Place a steamer basket into a very large pot with a few inches of water that does not come over the bottom of the steamer. Bring the water to a boil and put the potato pieces in the basket first, then the leeks on top. (By steaming, you eliminate a lot of the moisture the leeks get from boiling.) Cover the pot, turn the heat to medium low and let the potatoes and leeks cook about 20 minutes until both are soft.

Preheat the oven to 350 degrees.

 Put the cooked leeks and potatoes into a large mixing bowl and mash together very well. Mix in the shredded carrots if using. Add the beaten eggs, salt, pepper and cheese and stir to combine well.

Swirl 2 tablespoons oil in a 9×12-inch glass baking dish, then place it in the hot oven for 3 to 4 minutes. Heating the pan with the oil helps create a crust on the bottom and sides of the casserole. Once the baking dish is hot, carefully remove it from the oven. Working quickly, pour in the leek-potato mixture and spread it out evenly, patting the top smooth. Lightly brush the top with the remaining 1 tablespoon of oil. Bake, uncovered, for about 45-50 minutes, or until the center is firm and the edges golden brown.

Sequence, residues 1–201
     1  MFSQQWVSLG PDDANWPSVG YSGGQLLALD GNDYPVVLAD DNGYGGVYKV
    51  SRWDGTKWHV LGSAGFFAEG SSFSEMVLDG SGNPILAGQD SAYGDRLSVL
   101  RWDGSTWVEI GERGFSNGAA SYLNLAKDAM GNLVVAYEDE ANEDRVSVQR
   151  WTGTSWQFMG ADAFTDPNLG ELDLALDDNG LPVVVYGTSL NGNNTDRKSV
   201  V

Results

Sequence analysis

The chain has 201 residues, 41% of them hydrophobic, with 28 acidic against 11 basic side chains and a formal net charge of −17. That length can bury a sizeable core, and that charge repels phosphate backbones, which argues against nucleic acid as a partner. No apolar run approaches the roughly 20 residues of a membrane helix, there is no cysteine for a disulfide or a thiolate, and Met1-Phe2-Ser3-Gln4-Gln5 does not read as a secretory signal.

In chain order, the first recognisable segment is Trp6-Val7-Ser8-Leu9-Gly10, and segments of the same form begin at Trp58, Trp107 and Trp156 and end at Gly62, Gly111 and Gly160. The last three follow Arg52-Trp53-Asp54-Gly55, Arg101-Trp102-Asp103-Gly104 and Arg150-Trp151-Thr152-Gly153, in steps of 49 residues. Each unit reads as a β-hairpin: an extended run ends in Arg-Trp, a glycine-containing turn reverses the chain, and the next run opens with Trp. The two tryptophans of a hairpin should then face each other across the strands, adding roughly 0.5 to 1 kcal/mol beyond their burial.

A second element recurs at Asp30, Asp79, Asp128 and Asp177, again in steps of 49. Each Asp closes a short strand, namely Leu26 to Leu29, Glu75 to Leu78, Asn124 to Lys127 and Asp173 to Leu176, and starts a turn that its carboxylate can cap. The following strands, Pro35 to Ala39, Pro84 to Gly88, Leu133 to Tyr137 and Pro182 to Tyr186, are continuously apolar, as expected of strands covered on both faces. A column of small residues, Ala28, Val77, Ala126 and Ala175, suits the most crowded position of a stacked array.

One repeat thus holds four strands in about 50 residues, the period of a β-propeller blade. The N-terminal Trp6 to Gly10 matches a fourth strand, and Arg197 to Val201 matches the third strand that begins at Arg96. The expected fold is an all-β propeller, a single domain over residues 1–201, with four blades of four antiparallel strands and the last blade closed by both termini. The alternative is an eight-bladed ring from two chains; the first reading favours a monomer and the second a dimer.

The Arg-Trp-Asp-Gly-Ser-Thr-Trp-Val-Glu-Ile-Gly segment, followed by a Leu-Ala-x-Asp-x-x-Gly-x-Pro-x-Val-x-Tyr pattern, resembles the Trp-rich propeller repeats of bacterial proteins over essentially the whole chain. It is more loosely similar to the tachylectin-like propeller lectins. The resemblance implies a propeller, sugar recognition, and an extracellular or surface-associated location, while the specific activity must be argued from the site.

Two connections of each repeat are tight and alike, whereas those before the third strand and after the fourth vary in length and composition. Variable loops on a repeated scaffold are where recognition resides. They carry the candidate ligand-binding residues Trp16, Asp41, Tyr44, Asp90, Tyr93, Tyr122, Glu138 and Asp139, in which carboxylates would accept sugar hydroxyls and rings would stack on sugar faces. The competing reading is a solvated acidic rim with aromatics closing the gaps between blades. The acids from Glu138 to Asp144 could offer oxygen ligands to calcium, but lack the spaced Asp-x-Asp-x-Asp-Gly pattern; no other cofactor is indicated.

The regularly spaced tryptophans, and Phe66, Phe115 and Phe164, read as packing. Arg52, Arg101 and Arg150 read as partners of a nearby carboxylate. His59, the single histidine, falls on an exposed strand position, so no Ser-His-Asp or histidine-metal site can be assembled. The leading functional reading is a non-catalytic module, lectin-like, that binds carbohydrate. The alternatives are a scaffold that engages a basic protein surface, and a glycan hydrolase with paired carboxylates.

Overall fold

Let cool for about 10 minutes before cutting, if serving immediately. Serve warm or at room temperature. Cooked quajado can be refrigerated for up to 5 days or frozen for up to 6 weeks. To serve, defrost and heat in a 350-degree oven, covered for the first 10 minutes, then uncovered for another 10 minutes or until heated through.

Note: Other vegetables can be used in various combinations totaling 3 to 4 cups including raw shredded zucchini (salt lightly, let stand for 15-20 min, then squeeze out as much liquid as possible), blanched chopped spinach (also with liquid squeezed out) or roasted, drained and mashed eggplants.